on 3 May 2010 10:46 AM

So true.  I have had the privilege of visiting the Oberlin gallery and viewing the wonderful works there.   I have often used this experience to encourage my students to visit galleries in our local area.  I often think how many times I could have revisited the Allen gallery and have put it off for one reason or another.

How much more are we missing out on?

RosemarieR wrote
on 3 May 2010 2:04 PM

Mine is not the story of a lost  opportunity but rather  a "found" opportunity.  Fifty years ago, at the tendre age of 12, I remember Sister Constance Marie explaining the idea of perspective based on the the "Annunciation" by Fra Angelico.  In the day of holy pictures, we were also given small prints of the masterpieces that we studied and i kept mine for many years... Imagine my disbelief when I visited a tiny museum in the town of Cortona in Italy in Sept. 2009.  There, before my very eyes in a small, non- descript room, hung the "Annuciation" in all its splendor for my eyes only.   I pulled up the guardian's chair close enough to the painting and feasted my eyes on this unexpected treasure.  In the quiet of that moment that i never dreamed of  experiencing in my lifetime,  a memory that  will remain part of me as long as I live was born.

dmaidman wrote
on 3 May 2010 9:25 PM

I don't have anything lost quite like that - I guess I'm blissfully ignorant of what I missed. I do have a few parallel stories. My favorite sculpture in the entire world is Rodin's "Bust of Camille Claudel Wearing a Bonnet." I first saw this sculpture as a child at the Tel Aviv Art Museum, and every time I go to Israel (I have family there, so I'm there a lot), I go to the museum to see it. I've gotten to know the rest of the collection pretty well, by sprinting past it to Claudel. One time, they had rearranged things and the sculpture wasn't on display. To my relief, everything was back to normal a couple years later. Recently, I finally found a plaster reproduction for sale from the Musee Rodin and it lives in my living room as well now...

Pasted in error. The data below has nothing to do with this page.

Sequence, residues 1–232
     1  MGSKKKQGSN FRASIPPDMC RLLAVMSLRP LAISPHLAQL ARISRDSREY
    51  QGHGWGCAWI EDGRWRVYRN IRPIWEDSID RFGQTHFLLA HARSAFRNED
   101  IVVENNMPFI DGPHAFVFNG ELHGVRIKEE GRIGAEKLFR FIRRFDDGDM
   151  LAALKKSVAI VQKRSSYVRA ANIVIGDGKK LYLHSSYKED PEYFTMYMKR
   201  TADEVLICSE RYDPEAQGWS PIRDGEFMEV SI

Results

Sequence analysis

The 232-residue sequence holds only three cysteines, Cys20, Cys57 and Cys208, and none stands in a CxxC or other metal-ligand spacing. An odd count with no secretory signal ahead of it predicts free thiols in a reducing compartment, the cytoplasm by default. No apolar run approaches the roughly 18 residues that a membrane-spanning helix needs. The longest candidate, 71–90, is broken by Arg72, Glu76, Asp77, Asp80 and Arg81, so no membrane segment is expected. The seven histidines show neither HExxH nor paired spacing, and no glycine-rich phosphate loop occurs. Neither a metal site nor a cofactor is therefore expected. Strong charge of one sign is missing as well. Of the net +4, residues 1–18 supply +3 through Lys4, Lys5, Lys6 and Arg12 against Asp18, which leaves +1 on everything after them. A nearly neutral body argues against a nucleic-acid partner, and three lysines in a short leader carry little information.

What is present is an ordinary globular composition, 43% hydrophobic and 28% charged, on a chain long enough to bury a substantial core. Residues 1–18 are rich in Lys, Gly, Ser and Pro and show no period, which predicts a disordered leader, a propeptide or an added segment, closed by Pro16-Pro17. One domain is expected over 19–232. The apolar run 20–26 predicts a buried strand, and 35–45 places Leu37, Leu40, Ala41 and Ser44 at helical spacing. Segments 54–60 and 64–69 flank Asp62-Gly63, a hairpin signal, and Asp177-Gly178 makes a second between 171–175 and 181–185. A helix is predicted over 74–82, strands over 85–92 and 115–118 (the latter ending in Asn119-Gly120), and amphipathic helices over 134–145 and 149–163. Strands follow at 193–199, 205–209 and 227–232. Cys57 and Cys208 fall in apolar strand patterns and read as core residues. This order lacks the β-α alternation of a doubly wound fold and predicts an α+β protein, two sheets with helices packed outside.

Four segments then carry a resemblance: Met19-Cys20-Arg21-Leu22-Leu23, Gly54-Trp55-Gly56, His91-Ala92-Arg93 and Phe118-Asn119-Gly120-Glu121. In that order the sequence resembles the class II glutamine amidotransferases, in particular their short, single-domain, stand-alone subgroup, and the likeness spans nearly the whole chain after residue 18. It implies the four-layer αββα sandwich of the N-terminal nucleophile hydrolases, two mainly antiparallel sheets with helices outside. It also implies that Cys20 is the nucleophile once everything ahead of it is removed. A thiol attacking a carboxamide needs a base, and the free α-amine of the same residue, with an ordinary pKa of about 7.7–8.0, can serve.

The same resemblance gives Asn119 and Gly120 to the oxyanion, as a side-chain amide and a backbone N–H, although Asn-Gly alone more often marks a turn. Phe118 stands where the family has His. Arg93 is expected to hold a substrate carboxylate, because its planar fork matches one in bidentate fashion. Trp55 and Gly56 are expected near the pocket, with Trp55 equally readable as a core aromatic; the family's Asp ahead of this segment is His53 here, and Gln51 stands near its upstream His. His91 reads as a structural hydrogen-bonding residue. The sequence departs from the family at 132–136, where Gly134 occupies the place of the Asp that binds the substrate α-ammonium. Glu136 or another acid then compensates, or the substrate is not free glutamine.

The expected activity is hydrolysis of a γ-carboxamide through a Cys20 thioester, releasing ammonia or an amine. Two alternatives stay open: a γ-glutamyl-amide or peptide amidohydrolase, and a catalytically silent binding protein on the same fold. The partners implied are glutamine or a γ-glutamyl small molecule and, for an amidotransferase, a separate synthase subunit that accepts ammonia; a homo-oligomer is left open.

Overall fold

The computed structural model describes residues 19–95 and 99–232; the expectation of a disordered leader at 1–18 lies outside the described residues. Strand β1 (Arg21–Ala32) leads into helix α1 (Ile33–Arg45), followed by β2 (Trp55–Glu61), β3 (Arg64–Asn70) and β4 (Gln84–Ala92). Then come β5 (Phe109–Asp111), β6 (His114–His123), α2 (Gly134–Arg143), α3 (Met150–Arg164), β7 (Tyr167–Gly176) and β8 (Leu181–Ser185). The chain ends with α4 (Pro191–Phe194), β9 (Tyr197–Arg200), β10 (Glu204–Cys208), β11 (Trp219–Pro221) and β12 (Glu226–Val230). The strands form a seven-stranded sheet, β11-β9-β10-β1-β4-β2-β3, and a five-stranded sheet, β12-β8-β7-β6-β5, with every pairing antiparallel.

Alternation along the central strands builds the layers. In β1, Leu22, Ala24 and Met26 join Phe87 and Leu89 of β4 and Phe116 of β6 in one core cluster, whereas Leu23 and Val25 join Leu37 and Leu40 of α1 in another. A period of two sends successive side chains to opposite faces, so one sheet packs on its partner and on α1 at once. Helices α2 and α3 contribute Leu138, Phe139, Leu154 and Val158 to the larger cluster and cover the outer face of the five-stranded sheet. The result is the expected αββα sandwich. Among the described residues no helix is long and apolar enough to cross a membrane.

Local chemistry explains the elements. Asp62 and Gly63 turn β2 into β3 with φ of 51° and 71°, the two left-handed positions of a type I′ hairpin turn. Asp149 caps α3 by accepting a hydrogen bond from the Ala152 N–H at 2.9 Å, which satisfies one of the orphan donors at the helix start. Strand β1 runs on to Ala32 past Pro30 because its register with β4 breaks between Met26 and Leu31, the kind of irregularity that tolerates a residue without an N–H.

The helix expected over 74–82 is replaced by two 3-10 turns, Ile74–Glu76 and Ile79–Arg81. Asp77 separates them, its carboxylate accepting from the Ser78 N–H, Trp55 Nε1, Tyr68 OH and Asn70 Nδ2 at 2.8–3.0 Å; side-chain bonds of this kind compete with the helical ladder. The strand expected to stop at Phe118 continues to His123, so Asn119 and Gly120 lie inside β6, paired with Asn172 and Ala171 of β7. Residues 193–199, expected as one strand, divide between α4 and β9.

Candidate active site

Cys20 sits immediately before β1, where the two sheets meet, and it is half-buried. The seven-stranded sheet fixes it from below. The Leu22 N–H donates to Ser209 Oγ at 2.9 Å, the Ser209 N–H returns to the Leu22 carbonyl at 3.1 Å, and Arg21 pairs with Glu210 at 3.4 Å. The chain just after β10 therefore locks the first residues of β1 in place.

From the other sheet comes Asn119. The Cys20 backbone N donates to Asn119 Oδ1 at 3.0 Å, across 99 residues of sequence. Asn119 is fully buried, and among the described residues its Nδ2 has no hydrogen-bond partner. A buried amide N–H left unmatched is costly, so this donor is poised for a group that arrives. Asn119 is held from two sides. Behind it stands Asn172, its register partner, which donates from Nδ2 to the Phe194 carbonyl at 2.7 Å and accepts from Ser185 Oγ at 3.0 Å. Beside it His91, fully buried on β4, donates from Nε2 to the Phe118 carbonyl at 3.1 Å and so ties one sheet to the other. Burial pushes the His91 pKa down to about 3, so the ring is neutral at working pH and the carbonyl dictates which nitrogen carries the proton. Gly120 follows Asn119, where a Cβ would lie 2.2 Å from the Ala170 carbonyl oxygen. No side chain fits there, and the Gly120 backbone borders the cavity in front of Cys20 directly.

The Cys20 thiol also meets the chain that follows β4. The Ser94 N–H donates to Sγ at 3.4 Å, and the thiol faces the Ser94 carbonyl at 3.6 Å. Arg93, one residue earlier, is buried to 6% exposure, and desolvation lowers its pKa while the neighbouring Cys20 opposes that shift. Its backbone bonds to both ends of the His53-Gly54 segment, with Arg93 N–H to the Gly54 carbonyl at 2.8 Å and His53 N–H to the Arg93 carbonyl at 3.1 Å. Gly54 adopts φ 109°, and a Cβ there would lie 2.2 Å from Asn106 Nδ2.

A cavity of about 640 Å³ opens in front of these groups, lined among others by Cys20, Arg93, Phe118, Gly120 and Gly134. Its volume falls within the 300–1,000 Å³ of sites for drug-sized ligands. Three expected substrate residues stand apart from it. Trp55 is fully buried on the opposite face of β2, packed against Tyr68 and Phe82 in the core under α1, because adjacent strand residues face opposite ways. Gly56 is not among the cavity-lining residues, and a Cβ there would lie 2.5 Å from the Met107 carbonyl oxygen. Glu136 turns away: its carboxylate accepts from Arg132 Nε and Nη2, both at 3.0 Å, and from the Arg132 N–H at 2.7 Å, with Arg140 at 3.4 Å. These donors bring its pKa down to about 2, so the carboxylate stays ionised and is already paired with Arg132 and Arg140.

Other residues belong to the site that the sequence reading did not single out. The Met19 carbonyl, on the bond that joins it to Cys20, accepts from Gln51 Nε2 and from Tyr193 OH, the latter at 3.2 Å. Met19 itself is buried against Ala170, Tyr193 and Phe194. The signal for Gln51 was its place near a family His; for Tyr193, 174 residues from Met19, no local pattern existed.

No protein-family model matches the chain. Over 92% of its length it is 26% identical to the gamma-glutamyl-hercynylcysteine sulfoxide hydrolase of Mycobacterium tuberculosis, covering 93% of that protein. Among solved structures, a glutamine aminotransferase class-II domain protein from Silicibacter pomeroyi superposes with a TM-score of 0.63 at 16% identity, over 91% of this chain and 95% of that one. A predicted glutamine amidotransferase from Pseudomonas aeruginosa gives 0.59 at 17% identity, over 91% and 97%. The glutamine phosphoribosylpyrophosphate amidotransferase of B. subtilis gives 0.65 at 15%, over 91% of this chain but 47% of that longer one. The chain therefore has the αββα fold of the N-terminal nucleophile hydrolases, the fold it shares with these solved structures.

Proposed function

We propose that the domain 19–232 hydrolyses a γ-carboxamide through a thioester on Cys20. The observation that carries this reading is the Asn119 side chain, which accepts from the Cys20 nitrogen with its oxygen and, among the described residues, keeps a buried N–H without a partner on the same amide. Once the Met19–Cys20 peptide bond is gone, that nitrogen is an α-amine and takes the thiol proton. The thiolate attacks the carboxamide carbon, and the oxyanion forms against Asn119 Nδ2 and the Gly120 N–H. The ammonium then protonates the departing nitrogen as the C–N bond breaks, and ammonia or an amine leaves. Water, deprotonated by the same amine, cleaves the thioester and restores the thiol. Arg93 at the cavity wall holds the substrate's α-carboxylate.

I regret not being back to Chicago in a long time. I lived there when I was ten, and there was a room in the Art Institute that had, not only Sunday in the Park, but a perfect grouping of other paintings. I hear that that room has since been broken up.

I regret that my painting skills were only half-formed when I lived in Los Angeles, because I worked with wonderful models there, and I never did them justice with my work. I feel the same way about the models I work with now, in New York. I am not good enough yet, but I only have what I've developed so far, and they offer me so much more than I can give back artistically.

Kisu wrote
on 4 May 2010 9:53 AM

Daniel, say it isn't so!  I grew up about 90 miles northwest of Chicago, so trips to the Art Institute were a regular part of life.  I remember that room.  I know they've done some major renovations and expansions at the Art Institute, but I haven't been back to spend any significant time in the city, much less any of the museums, since around 2001.  

Another great museum is the art museum in Cleveland.  

Judi Jordan wrote
on 4 May 2010 6:31 PM

My biggest lost artistic opportunity, was due to a medical condition, that doctor's felt compeled to give me heavy doses of medications. This took away my ability to persue my lifetime dream of becoming a professional artist, for more than 20 years. I grew up in Phoenix, Az., and often visited the Phx. Art museum, the Scottsdale art galleries, and sometimes museums when traveling. I took some scattered art courses and studied books on the Old Masters and magizines like yours. I am now 61 and began painting and showing my work locally and was recently accepted into a juried online exhibition. I am excited to have a chance to persue my dream again. I give alot credit to Am. artist magizine and others like it, for the great articles with artist demos, that has helped to learn and be able to do what I'm doing now. Thanks, Judi

dmaidman wrote
on 5 May 2010 6:54 AM

Kisu -

I'm not sure, but that's what I heard. I'm glad you know that room! I'll have to go to the Cleveland museum sometime. Such as if I get to Cleveland!

Eric Armusik wrote
on 6 May 2010 8:07 AM

What a brilliant opportunity.  I've never heard of a museum lending pieces of work like this.  Are you aware of any other institutions that do this?  

Muna Shabab wrote
on 7 May 2010 10:53 AM

My favorite place is the National Gallery of Art in DC. Every time we've been there ,though, it made hungry for more. even after spending a whole day there, it felt like leaving dear friends behind. On my first visit, our kids were too young to stay more than a few hours. I was not painting at that time. We went back last year and going in each gallery was a real feast for the eyes.

Kisu, I've been to The Cleveland Meusium of Art twice in the past year since we've moved to the area and I would have to agree with you. Although it was not The National Gallery of Art, it certainly had much more than I expected.